Thursday, October 07, 2004

IP Telephony and Web Callbacks

An interesting technology gap exists the innovators of IP technology and the adopters in the Enterprise - specifically referring to the multitude of contact centers and helpdesks. As Jon Udell mentions in this article there is a big difference between computer telephony and IP telephony - nowhere bigger is the contrast in the enterprise consumers. The big problem does boil down to the inability to articulate business benefits brought on by cool technology.

Why are vendors like Genesys, Cisco and Avaya still able to convince enterprises to cough up millions of dollars (no kidding there) and still charge the antiquated "per-seat" licensing ? What is per seat when there are virtual call centers, work-from-home agents and the like ? Isn't it only logical for these enterprises to seriously look for open source linux-based solutions that are fundamentally cheaper and more easily tailorable ? No - not yet! The main reasons are as old as the open source v/s commercial battle with one twist - the business leaders in the call center have not yet come to appreciate the benefits of technology.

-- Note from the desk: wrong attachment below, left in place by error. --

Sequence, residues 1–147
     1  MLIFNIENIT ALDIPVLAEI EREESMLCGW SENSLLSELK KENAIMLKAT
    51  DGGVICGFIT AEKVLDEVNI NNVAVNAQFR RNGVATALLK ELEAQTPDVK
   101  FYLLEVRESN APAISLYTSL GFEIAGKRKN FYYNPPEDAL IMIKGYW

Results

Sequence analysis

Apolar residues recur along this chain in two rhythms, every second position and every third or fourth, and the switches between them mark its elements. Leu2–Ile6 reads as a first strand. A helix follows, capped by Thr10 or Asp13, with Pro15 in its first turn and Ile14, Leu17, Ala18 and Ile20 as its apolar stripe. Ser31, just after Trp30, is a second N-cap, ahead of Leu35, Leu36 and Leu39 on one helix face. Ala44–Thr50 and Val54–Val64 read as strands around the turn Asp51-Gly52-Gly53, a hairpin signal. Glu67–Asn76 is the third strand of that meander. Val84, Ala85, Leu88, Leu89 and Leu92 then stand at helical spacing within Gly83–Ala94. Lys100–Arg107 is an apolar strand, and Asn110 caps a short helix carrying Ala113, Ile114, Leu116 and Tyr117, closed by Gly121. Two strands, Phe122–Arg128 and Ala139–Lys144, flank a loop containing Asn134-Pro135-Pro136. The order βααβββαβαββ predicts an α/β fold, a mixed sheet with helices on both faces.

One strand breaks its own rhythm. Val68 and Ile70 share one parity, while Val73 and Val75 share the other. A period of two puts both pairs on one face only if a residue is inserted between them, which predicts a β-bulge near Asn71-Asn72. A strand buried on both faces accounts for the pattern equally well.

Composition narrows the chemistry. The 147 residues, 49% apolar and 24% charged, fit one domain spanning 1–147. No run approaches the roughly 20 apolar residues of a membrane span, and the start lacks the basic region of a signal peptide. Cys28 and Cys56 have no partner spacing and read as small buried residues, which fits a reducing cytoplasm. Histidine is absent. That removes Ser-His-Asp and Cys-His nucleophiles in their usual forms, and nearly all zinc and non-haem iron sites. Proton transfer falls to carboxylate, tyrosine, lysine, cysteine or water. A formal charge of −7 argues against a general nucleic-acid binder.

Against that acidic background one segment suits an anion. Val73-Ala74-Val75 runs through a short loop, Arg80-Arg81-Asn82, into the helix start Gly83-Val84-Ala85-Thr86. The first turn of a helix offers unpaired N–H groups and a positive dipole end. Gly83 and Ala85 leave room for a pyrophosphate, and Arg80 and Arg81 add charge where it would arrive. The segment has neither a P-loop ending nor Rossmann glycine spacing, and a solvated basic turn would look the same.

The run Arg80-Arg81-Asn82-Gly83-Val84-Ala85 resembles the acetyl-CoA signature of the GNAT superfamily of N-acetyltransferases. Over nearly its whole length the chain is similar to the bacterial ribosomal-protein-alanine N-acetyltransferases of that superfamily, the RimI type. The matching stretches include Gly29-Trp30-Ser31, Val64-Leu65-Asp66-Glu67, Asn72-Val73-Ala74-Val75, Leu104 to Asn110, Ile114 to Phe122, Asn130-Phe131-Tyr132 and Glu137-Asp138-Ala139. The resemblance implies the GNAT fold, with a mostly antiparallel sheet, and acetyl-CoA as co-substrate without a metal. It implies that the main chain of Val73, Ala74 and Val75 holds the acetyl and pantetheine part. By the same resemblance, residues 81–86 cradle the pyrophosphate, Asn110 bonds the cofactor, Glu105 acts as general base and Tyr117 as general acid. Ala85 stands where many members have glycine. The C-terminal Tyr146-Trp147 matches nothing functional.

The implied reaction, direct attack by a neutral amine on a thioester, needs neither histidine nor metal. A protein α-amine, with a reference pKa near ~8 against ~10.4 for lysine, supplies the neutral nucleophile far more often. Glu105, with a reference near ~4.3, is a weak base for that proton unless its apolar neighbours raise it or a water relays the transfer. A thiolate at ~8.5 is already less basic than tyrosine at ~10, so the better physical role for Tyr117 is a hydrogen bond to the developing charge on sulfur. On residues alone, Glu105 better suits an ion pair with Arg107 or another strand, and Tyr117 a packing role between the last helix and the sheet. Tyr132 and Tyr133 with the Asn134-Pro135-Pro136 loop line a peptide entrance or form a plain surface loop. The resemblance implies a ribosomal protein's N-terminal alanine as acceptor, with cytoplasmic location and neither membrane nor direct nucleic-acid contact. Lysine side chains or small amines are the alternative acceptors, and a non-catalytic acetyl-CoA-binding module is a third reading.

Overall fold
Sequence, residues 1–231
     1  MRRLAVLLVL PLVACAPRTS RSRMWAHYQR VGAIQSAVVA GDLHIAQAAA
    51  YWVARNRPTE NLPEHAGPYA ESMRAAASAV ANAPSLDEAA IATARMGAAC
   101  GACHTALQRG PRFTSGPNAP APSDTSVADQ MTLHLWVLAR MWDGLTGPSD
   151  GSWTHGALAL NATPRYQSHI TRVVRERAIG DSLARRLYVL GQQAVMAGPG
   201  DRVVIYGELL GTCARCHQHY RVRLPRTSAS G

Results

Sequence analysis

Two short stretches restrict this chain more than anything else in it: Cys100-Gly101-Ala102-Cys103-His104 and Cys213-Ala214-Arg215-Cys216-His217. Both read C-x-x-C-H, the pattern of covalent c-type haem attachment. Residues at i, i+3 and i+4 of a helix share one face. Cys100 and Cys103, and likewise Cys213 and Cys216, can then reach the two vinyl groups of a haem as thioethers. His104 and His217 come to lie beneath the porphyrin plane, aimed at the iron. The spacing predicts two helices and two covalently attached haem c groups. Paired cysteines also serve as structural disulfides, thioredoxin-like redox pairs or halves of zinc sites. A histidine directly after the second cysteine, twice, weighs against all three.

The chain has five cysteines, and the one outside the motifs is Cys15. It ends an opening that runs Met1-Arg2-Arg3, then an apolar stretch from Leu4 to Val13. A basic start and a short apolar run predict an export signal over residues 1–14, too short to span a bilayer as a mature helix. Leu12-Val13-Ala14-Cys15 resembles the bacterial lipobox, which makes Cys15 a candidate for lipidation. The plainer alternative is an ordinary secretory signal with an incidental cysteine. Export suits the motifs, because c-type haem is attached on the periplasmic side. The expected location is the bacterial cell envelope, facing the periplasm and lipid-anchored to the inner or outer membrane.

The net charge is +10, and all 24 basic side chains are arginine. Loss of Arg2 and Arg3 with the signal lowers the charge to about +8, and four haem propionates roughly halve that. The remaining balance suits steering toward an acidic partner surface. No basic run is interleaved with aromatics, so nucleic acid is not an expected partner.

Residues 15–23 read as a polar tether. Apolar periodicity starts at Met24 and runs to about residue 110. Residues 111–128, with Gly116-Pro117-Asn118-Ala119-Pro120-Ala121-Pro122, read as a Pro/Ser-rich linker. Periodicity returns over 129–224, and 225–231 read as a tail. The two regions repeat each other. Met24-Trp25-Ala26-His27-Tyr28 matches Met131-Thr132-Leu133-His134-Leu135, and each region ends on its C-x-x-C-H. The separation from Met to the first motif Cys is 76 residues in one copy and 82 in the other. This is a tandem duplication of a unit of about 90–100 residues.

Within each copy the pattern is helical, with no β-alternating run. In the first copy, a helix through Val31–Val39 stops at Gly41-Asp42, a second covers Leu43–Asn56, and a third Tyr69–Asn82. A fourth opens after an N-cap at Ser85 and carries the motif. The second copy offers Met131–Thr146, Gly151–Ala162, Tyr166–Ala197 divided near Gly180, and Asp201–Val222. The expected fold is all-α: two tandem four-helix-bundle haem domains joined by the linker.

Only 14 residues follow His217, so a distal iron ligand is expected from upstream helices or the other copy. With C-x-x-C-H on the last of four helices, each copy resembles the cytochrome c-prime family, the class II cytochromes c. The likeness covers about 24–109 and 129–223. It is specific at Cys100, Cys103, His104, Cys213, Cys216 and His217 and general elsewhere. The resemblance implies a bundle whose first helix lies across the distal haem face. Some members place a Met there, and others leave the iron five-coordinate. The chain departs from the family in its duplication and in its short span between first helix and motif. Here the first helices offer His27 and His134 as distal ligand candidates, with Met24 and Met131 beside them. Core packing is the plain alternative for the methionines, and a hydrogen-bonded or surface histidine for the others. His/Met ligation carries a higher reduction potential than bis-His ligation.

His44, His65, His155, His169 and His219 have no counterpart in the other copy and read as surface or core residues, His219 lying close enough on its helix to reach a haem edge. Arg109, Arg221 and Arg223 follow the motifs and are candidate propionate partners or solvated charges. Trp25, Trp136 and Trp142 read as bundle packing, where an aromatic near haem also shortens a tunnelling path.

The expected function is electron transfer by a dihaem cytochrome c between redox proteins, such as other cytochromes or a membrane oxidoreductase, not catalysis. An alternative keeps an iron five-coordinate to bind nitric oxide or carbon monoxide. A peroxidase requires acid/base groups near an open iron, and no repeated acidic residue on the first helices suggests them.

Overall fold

The argument is that the demographic of future customers for customer support is changing - the workforce of the future will be younger, will demand more channels and more flexibility in how problems get resolved. Why wait on hold for 30 minutes when I can schedule a web callback ? How about IM'ing me when you have resolved a problem ? Send me a text message if you can find me online. These are very plausible scenarios that will not be addressed by enterprises with their wait and watch strategy.

In the meantime, the tech divide will continue to manifest as one of the most annoying problems in civilized society today - customers waiting for a human touch. With the over emphasis on automation in the form of self service, Natural language processing (NLP) etc it's ironic that the same crowd has placed an over-reliance of technology in one area to effectively alienate themselves from the very audience they were expected to serve - the customer.

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